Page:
(2) Lest one get carried away with comparisons to private sector earners, don’t forget that private sector salaries are funded by profits. Movie stars are ‘worth’ millions because they can, quite literally, draw in the millions for the movie studios. Politicians are not self-funding in the same way, but are funded by the public. Taxpayers have every right to be concerned about how their money is being used.

  14. 27 yawningbread 24 January 2012 at 19:56

    The problem is that just because so-and-so earned $ millions as a lawyer or eye surgeon, which may mark him as good in that field, is no reason to think he is good as a political leader of even an administrator. So, to argue that when somebody up there makes him a cabinet minister, he must surely be an excellent one because he earned millions as an eye surgeon, and since it’s been proven (by the aforementioned argument) that he is an excellent political leader, he deserves to be paid $ millions too. . . .

    Do you not spot the confounding excursion in logic?

    Why don’t we hire some top notch assets and derivatives traders — you know, the kind who can make $ millions in commissions even as the broader economy nosedives — and declare them to be excellent ministers too? And then pay them the same $ millions?

    It only testifies to the moral rot we have descended into, when we apply wealth and the ability to extract wealth as a measure of capability or righteousness.

    • 28 Chanel 25 January 2012 at 09:06

      Exactly, Alex. Many people forget tht ministers are aided by an army of very capable civil servants. I would argue that we should pay civil servants more than ministers if they perform well in their roles. This is the case in banking, where many top salesmen and traders make more than their firm CEOs. Ministers should not resent this group of talented civil servants earning more because without them, ministers’ job would be impossible

    • 29 Anonymous 29 January 2012 at 02:33

      Notwithstanding their amazing “wealth-extracting” powers, derivative traders and eye surgeons are nonetheless fundamentally different in terms of calibre. Doctors, lawyers, top civil servants and Brigadier Generals are a high-calibre breed for whom “wealth-extracting” ability is merely incidental. We must be very foolish indeed to hire people in critical leadership positions on the sheer basis of “wealth-extracting” ability.

  15. 30 Anonymous 25 January 2012 at 09:52

    Hi Anonymous
    23 January 2012 at 18:34

    “Ours is a truly meritocratic society. Anyone with the brains and capability – whether he be the son of a construction worker, a plumber or a garung guni man – can come forward and serve in cabinet – and be handsomely rewarded for a difficult job well done.”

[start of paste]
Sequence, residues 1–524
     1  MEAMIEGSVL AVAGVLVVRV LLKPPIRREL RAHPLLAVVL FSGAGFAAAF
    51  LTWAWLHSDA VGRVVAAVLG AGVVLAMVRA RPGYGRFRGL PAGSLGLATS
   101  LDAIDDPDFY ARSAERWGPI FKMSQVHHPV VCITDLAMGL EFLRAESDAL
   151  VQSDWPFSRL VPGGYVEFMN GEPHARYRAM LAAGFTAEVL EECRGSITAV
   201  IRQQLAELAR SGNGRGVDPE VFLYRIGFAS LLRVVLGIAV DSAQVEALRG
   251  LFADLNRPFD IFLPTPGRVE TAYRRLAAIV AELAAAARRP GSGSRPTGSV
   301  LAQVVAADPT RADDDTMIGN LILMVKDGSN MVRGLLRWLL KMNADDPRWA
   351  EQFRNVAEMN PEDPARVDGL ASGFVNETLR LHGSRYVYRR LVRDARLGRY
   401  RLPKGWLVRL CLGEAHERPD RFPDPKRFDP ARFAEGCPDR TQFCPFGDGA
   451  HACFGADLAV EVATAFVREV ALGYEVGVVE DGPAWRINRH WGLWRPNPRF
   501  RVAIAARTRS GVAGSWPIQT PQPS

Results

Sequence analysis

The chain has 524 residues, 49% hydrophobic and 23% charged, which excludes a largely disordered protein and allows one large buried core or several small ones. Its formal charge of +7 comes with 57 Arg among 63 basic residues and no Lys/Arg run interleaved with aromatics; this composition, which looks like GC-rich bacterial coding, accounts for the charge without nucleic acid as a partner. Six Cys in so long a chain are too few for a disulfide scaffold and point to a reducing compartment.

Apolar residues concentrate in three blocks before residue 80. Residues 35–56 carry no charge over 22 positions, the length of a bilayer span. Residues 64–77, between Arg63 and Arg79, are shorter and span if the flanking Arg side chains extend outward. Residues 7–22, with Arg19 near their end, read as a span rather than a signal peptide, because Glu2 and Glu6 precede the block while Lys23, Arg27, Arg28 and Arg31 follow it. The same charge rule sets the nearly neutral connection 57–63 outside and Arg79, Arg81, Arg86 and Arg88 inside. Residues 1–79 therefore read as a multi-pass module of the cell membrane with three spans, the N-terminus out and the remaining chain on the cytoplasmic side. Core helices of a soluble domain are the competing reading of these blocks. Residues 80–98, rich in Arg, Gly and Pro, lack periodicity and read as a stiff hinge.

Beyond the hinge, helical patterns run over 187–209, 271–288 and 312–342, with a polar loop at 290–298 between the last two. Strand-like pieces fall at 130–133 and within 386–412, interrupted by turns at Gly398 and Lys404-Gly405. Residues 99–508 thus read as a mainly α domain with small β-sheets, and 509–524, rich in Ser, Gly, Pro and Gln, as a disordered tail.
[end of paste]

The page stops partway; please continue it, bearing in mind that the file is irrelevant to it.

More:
Could you kindly explain why our meritocratic system allowed Tin Pei Ling to represent the people instead of Nicole Seah please? Could you explain clearly the qualities that Tin Pel Ling has that makes her even a worthy candidate to participate in the general elections? Surely the PAP cannot be in such dire state that they so not have a SINGLE grassroot representative in Marine Parade that brings more to the table than Tin Pei Ling does.

    I remember that there was a doctor that was rushed into Tanjong Pagar GRC during nomination. Did the truly meritocratic system think Tin Pei Ling is a better candidate than he is? If so, the PAP must be really really short of talent. Imagine that. He is deemed someone with far lower in capabilities than Tin Pei Ling!!

  16. 31 Did our ministers really suffer a pay cut when they enter political service? 25 January 2012 at 12:21

    The pay of a Brigadier General/Rear Admiral is around S$400,000 plus minus (unless SAF pays each of its BGs so differently). Compared with say the new ministerial pay for a entry level MOS – is there a pay cut? How many of our ministers were from the private sector (excluding GLCs please)?

  17. 32 Leuk75 25 January 2012 at 23:51

    Top private banker, top sales person, great surgeons and teachers are paid top dollars for doing a great job in their area. This does not mean that they will do an equally great job in leading a team. For example, the best sales person may not necessarily make a good product manager who needs to coach, inspire and also strategise for the team. It is a different skill set.

    Yeah, setting minister’s pay to more realistic levels is great. But it will only work out if the pay for performance incentives are set within the right framework. E.g. KPI to reduce GINI coefficient by 20%. If it is forever tagged to GDP, then there is no incentive to improve output and reduced costs.

  18. 33 james 31 January 2012 at 16:21

    Since it’s singaporeans who vote, we should only consider citizens in the employment data. Given the large number of foreigners in retail, F&B, social care sectors, etc, I’m sure the proportion of citizens in financial services would be much higher than 5.6%.

  19. 34 Anonymous 18 February 2013 at 20:22

    KPI should include the happiness of Singaporeans as a huge percentage